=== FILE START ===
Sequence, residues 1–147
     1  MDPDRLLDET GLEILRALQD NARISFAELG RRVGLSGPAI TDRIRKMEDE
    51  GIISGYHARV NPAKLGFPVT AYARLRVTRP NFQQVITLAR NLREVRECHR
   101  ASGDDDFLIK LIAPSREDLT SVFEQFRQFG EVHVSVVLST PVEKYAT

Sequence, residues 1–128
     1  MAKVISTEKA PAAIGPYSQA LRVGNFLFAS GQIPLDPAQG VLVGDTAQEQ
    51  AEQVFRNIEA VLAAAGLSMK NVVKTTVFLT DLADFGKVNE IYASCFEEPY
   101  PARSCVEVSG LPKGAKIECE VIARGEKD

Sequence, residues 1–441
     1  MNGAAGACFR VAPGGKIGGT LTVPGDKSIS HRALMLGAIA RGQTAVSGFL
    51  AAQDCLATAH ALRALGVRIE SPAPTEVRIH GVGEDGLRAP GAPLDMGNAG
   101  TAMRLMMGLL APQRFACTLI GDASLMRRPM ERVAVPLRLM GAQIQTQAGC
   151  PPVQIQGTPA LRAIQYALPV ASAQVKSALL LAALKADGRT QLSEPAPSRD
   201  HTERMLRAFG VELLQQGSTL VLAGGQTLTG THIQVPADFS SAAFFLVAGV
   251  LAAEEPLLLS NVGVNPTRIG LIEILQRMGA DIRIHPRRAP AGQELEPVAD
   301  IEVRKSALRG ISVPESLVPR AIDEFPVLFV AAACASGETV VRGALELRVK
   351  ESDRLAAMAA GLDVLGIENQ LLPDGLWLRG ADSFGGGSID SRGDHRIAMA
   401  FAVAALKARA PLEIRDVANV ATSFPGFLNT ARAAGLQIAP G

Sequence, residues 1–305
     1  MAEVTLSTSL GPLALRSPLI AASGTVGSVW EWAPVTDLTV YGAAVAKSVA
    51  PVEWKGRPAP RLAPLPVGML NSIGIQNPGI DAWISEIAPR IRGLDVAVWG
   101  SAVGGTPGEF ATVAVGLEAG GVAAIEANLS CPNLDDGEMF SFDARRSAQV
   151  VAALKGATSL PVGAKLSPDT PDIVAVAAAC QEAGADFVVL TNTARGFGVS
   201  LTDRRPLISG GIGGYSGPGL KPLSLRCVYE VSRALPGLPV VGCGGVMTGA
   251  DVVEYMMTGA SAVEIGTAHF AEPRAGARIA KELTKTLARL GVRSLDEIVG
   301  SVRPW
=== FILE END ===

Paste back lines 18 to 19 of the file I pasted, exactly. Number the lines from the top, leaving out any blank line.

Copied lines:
   401  FAVAALKARA PLEIRDVANV ATSFPGFLNT ARAAGLQIAP G

Sequence, residues 1–305